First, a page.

Mixing Roaming and Local Profiles in Samba 3
can be configured to be a
Primary Domain Controller for Windows Networks. This is extremely useful
for scalability. Out of the box, however, Samba's configuration file, the
only supports global profile types. This
means that all
authenticated accounts will be local profiles or
There are benefits to both types of profiles. Additionally, it's
perfectly normal to expect both kinds on the same domain at a given
time. Configuring this to simply work, however, is not so
Configuration, Includes, Mailing Lists, and RageTo potentially overcome this problem, Samba's configuration allows the
use of "include" files in its configuration. This means that it will
read some of its configuration from another file. Combined with
Samba's macro expander, this should have solved the problem. The macro
expander can replace parts of text with user-specified text on the fly.
For example, it replaces %U with the username of the current
session. If we were to specify
include = smb.%U.conf,
we should be able to override settings on a per-user basis.
For some people, this apparently works. If so, congratulations!
Unfortunately for us, this seemingly simple configuration had no useful
effect. From log output, we could see where it would parse the file,
but we could never get it to correctly reassign configuration
parameters. We also discovered a few arrangements that get Samba's
config parser confused.
Looking for more help, we joined the Samba mailing list. We posted. We
searched the archives. We discovered that most, if not all, questions
regarding mixed profile usage go completely unaddressed. At this point,
anger began to take charge.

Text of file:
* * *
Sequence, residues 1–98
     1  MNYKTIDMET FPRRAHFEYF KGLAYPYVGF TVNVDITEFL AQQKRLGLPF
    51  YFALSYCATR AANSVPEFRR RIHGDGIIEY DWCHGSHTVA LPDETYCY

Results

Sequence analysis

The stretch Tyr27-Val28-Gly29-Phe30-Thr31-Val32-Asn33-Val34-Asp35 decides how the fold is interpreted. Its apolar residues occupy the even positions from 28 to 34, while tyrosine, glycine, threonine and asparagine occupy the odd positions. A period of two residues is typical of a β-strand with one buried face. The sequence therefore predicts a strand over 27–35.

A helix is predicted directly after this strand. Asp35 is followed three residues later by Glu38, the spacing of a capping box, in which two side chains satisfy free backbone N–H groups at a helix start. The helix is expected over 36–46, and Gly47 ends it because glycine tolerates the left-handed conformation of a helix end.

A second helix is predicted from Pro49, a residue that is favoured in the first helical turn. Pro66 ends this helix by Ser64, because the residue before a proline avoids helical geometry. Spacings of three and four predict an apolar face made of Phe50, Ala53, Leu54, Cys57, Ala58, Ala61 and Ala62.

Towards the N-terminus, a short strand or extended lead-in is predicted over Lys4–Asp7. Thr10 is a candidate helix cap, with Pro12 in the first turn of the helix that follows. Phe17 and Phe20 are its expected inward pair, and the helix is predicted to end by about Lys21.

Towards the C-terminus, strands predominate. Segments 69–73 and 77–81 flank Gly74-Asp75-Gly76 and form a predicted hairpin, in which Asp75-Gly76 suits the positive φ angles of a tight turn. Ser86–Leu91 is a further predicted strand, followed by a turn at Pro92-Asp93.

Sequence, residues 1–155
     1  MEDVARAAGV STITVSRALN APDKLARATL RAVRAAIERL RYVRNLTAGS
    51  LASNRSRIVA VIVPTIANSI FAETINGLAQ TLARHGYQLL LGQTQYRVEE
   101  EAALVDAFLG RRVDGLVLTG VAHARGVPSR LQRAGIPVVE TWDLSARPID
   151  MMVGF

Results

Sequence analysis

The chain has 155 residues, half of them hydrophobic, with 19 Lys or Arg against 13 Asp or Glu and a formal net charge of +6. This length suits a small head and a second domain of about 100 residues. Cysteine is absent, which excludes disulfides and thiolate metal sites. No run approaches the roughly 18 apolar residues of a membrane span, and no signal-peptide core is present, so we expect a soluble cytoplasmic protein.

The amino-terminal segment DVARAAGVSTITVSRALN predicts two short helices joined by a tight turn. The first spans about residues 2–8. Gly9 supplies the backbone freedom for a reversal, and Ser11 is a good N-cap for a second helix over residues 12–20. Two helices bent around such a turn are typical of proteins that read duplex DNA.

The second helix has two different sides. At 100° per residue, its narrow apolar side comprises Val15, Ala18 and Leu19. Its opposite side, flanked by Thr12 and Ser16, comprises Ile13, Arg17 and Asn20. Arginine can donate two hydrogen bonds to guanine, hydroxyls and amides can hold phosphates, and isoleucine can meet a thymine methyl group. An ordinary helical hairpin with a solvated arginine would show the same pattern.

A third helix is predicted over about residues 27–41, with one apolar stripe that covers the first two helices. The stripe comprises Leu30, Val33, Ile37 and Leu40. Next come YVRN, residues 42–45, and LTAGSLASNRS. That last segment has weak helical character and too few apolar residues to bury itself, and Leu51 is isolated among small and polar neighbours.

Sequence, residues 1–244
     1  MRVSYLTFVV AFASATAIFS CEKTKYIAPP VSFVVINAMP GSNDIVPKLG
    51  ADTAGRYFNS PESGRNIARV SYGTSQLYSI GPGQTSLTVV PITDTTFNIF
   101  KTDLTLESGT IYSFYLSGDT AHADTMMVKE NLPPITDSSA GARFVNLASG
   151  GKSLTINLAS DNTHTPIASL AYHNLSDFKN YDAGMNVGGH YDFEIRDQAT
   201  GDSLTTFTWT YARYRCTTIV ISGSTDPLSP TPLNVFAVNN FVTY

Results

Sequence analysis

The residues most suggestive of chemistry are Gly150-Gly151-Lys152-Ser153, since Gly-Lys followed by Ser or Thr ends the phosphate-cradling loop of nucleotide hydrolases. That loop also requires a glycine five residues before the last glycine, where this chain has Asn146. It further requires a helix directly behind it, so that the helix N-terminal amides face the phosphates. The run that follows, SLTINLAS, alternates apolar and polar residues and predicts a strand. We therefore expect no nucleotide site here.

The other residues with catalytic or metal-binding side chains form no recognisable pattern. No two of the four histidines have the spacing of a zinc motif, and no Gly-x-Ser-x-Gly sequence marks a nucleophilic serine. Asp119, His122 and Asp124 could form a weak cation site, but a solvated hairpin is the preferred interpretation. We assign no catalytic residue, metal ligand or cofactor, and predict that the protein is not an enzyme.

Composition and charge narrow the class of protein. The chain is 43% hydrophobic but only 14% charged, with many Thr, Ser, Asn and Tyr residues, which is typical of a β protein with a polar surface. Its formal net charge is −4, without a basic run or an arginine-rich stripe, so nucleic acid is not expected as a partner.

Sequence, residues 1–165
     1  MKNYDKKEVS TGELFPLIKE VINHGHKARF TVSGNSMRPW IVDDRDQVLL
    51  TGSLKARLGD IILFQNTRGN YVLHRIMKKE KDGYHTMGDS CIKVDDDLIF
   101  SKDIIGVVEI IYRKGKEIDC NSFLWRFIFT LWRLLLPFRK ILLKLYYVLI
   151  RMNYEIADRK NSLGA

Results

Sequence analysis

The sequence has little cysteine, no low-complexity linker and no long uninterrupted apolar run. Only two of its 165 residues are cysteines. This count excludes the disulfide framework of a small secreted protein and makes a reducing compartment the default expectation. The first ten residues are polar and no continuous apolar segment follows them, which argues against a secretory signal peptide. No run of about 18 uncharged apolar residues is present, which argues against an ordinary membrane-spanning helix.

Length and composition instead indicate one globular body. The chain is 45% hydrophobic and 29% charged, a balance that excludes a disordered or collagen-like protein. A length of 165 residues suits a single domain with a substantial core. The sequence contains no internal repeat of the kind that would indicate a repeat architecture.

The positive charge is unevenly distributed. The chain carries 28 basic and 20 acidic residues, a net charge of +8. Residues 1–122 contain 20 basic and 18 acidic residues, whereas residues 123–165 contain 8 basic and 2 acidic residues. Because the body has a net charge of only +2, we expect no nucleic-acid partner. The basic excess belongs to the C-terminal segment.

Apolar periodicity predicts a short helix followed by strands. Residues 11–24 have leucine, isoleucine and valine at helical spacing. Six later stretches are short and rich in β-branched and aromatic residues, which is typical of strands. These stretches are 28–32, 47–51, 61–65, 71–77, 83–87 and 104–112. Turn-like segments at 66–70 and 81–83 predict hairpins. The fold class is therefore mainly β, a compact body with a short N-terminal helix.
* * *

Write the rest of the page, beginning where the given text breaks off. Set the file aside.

pdbedit - The Solution
Looking at what we had to work with, a small tool,
was observed. It comes with Samba. Combined with a
password database, we
discovered that Samba also keeps some configuration settings in its
password database. This only applies for
, and probably not for
One of the configuration settings kept in
database was the user's profile path. This, of course, is the
configuration setting required to make a profile local, or roaming.
Using pdbedit to Fix Profiles
To see what is stored about a user in the password database, use
pdbedit -L -v [username]
You'll see a lot of information: username, NT username, SID stuff, Domain
setting stuff, and also Profile Path. This is set if the profile is
roaming. it is blank if the profile is local. Leaving Profile Path
, and allowing
override it here is probably the best option.
can be given some commands to override the user's
profile path. To set the user's Profile Path with
, use this:
pdbedit -p=[profile path] [username]
If you want to clear the profile path, just use
nothing after the equal sign.
ResultsThis method of solving the mixed-profile problem seems to have come
without a hitch. It seems too simple too. It's a wonder that most of
those mailing list people don't get replied to. This got us out of a
bind, and hopefully it will help someone else out too.
Samba can, in fact, do what you want it to. Sometimes you just have to
trick it into doing it :)